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Summary Article: Paul Laurence Dunbar (1872–1906)
From African American Almanac

The first black poet to gain a national reputation in the United States, Paul Laurence Dunbar was also the first to use black dialect within the formal structure of his work.

Born of former slaves in Dayton, Ohio, Dunbar went to work as an elevator operator after graduating from high school. His first book of poetry, Oak and Ivy, was privately printed in 1893 and was followed by Majors and Minors, which appeared two years later. Neither book was an immediate sensation, but there were enough favorable reviews in such magazines as Harper's to encourage Dunbar in the pursuit of a full-fledged literary career. In 1896 Dunbar completed Lyrics of a Lowly Life, the single work upon which his subsequent reputation was irrevocably established.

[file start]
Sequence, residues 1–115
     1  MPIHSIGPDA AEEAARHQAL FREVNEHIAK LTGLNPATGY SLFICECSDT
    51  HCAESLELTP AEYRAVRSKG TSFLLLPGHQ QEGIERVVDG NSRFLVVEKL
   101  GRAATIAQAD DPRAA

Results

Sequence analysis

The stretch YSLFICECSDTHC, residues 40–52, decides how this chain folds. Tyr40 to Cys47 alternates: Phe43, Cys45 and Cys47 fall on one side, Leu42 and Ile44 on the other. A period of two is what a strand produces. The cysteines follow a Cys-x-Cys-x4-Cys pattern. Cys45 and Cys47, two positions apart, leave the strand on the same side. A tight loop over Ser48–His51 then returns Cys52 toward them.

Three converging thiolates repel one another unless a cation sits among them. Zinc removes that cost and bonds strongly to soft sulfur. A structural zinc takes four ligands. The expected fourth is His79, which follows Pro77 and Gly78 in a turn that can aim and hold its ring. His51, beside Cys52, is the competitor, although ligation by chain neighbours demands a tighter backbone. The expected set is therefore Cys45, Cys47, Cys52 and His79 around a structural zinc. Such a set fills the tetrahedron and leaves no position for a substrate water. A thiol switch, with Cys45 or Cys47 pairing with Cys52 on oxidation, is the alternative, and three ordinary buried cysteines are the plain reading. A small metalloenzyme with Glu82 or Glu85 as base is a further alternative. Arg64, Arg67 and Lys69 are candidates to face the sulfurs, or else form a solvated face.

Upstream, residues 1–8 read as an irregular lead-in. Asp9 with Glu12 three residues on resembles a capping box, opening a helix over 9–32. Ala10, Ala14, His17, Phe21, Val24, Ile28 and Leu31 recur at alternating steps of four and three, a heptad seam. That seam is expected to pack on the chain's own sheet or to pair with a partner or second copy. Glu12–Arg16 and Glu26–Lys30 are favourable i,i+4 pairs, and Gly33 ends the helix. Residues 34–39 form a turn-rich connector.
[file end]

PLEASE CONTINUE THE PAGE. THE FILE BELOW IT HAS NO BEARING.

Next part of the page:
Before his untimely death in 1906, Dunbar had become the dominant presence in the world of American Negro poetry. His later works included Lyrics of Sunshine and Shadow (1905), Li'l Gal (1904), Howdy, Honey, Howdy (1905), A Plantation Portrait (1905), Joggin'Erlong (1906), and Complete Poems, published posthumously in 1913. This last work contains not only the dialect poems that were his trademark, but many poems in conventional English as well. The book has enjoyed such enormous popularity that it has, to this day, never gone out of print. He also published four novels, including The Sport of Gods, The Love of Landry, The Uncalled, and four volumes of short stories.

Copyright © 2012 by Visible Ink Press®

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